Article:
Branagh’s ‘A Winter’s Tale’ 2016: It’s Not Your Fault
I’ve studied Shakespeare for nearly 10 years, but I still have a hard time following it in performance. I’ve felt ashamed. We all have. But the truth is, it’s not your fault if you don’t understand Shakespeare in performance. You’re not supposed to.
The language is beautiful, but it is archaic.
The play’s value and enjoyment is in the story, not in translating the language. They were written to be understood. But you can’t enjoy the story if you can’t follow it. You can’t fall in love with the ideas if they fly over your head. But we sit there and pretend to enjoy it. It’s like insisting that we watch Kurosawa’s films without subtitles.
Why? It’s a chance for us to pat ourselves on the back, to feel cultured and educated.
But it misses the point. It’s a shame, really.
Every Shakespeare play is a treasure chest of human drama and enchanting ideas. But language gets in the way of the drama, and delivery gets in the way of the idea.
The language is full of beautiful metaphors and biting observations. These ideas can cut through you, open your eyes, make you gasp. For this to happen, the audience just has to understand the idea, whether they hear it in the play or read it on a cubicle wall. The idea is all it takes. But the audience will have a hard time grasping the idea if the actor feels the need to interpret the line in a nuanced or personal way. Sure, it gives the illusion of depth and accomplishment to the actor, but the idea is lost behind the delivery.
My humble advice is this: Sometimes, all you need to do is say the line. Don’t dress it up.
And if you think we’re the only ones struggling to piece the story together, think again. The actors and producers have the same problem. That’s why Shakespearean performances are so god damn hammy. They’re desperate to show off their command of the material, which has taken weeks of study. Study the audience hasn’t done. The director, on the other hand, is desperate to give the audience a fighting chance of understanding the story.
What does this add up to? Exaggerated performances that make no sense in the real world.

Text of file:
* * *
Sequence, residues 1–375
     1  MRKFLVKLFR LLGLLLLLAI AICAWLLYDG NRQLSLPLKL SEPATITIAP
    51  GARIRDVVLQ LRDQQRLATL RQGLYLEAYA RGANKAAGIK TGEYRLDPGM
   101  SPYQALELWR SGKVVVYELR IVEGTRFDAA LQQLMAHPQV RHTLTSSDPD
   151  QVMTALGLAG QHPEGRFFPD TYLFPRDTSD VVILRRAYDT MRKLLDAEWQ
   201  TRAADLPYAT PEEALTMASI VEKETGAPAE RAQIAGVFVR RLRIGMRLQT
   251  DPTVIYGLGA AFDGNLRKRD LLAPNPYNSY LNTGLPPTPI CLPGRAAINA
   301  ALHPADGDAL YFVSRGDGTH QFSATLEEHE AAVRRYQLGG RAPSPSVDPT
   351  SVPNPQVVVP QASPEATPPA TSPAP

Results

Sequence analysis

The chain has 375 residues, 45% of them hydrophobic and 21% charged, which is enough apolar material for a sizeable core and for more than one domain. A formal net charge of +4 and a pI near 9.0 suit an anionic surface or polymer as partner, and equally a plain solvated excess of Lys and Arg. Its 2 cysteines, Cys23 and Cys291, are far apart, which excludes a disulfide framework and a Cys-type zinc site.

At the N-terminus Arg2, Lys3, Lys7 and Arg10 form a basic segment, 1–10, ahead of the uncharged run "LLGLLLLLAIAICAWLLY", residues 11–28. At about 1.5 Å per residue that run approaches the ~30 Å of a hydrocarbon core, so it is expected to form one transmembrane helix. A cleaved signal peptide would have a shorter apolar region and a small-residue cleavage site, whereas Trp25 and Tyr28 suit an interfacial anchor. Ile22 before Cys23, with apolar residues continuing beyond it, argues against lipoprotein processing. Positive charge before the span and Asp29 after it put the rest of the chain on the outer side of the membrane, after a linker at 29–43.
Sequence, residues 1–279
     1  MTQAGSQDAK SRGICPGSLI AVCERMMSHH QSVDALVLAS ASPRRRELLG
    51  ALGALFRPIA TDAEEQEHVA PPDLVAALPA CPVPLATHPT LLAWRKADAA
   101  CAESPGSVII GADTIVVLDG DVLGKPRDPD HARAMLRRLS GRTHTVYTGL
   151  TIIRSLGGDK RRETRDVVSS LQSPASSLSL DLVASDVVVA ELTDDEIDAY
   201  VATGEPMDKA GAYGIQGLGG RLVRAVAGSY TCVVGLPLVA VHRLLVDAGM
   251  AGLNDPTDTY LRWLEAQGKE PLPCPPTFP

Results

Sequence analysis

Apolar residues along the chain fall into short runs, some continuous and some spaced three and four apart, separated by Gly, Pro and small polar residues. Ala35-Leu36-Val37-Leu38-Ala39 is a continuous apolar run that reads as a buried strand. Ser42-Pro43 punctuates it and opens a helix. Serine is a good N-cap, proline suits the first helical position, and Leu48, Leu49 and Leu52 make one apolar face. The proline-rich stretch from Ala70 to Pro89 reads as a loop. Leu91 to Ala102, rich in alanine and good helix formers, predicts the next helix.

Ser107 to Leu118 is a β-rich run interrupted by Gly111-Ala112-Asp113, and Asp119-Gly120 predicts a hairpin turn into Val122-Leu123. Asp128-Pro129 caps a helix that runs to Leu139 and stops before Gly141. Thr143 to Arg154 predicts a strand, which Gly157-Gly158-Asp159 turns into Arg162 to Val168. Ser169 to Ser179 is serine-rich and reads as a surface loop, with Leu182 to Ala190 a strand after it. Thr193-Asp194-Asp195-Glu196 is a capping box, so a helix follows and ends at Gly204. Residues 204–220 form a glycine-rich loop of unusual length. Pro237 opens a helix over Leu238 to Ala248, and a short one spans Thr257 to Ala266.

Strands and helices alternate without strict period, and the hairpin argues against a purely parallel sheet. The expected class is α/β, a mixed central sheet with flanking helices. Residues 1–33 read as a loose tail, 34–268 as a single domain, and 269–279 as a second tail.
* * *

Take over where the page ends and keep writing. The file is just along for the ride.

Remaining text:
Plays are stories that are written to be performed, but when the performance doesn’t ring true, neither does the story. History has taught us that drama reaches its highest heights when the players commit fiercely to their cause in the story. Nothing more, nothing less.
But the only cause these performers are committed to is their review. This leads to the theatrical phenomenon of playing weak.
At some point it because fashionable to play every character as weak, unstable, breaking-up, teary eyed, unable to cope. Much weaker than the man on the street. For some weird reason it’s seen as a test of acting ability, and I guess on the surface it creates the impression of drama. But it takes all the drive out of the story.
We want to slap the actor and tell them to pull themselves together.
But we don’t, because if we did people would think that we don’t appreciate good acting.
It looks dramatic, but it is not dramatic.
There were rare moments when Branagh and Dench played strong. Branagh chose power over tantrum, and Dench chose fierce over flustered. These moments made the hair on my neck stand up. I wriggled in my seat. But judging by the rest of the show, they were just happy accidents.
I’ll sum it up with this quote, which most professionals in the theatre seem to have forgotten.
Suit the action to the word, the word to the action, with this
special observance, that you o’erstep not the modesty of nature:
for any thing so o’erdone is from the purpose of playing, whose
end, both at the first and now, was and is, to hold as ‘twere the
mirror up to nature: to show virtue her feature, scorn her own
image, and the very age and body of the time his form and
pressure. Now this overdone or come tardy off, though it make the unskillful laugh, cannot but make the judicious grieve, the censure of the which one must in your allowance o’erweigh a whole theatre of others.